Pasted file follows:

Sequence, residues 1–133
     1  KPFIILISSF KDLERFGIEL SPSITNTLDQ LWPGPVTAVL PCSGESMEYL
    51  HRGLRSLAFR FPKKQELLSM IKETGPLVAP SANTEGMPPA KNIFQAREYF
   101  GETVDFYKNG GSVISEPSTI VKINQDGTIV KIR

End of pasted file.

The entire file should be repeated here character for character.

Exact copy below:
Sequence, residues 1–133
     1  KPFIILISSF KDLERFGIEL SPSITNTLDQ LWPGPVTAVL PCSGESMEYL
    51  HRGLRSLAFR FPKKQELLSM IKETGPLVAP SANTEGMPPA KNIFQAREYF
   101  GETVDFYKNG GSVISEPSTI VKINQDGTIV KIR